EDITORIAL WEDNESDAY 16.12.09.
After Three successive interest rate rises over the past three months, the widely held expectation has been for more of the same in the New Year. So far many of the economic indicators have been stronger than expected, leading to the conclusion that the recovery from the Global Financial Crisis is well underway and powering along. Unemployment appears to have peaked and is falling, consumer and business confidence are rising, and home loan approvals are increasing. But two things have emerged to suggest that interest rates might pause at current levels before any further increases.
One is the latest economic growth figures showing lower than expected growth for the September quarter at 0.2%, about half of what was forecast, and well down on the 0.6% in the previous quarter. With no risk that the economy might be in any way overheating, the pressure for interest rates to rise is significantly eased. In fact, the feeble growth figures should be seen as a reminder of just how fragile the recovery really is.
The other factor is a speech given by Reserve Bank Deputy Governor Ric Battellino which has provided some clues as to the future direction of Reserve Bank policy. While recognizing that the cost of borrowing has risen for banks, Mr. Battellino has shown that the margin between what banks pay for funds and what they charge their customers is now wider than it was before the Global Financial Crisis. Closer examination shows that the greatest margin increase is not in mortgage lending, but in business lending, further undermining the strength of economic recovery.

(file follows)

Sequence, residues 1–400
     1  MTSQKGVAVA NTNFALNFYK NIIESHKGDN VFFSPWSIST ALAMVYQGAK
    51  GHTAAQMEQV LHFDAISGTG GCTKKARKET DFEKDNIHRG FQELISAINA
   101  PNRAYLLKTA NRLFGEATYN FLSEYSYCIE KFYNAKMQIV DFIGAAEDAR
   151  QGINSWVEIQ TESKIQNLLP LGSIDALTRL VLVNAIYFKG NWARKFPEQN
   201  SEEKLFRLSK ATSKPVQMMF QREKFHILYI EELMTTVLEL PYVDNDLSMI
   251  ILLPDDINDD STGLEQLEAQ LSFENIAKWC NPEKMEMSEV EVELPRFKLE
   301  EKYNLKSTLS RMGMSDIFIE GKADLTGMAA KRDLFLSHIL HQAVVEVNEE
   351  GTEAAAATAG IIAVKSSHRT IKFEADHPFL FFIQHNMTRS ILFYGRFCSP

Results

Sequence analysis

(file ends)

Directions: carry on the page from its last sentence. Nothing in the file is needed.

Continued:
Mr. Battellino also explained that this increased margin represents a shift in what might be considered a normal setting for official cash interest rates. As the differential between bank lending rates and the Reserve Bank cash rate is now about 1% greater than it was, the effect of the current official rate at 3.75% is similar to the effect that 4.75% would have had before the increased margins came into play. In other words, he is saying that the Reserve Bank won’t have to increase official rates by as much because the banks have already increased their rates independently.
What this means is that the current official rate is now, in Mr. Battellino’s words, “back in the normal range”, even though it is still below historical norms. On that basis, there is no rush for the Reserve Bank to push rates up again when they meet again in February. It also means that not only are banks actually making more profit out of their loans now than they were before the Crisis, but most importantly they have no excuse to pass on any more increases above the rate set down by the Reserve. If they do it will only prove that they really are being greedy and profiteering at our expense.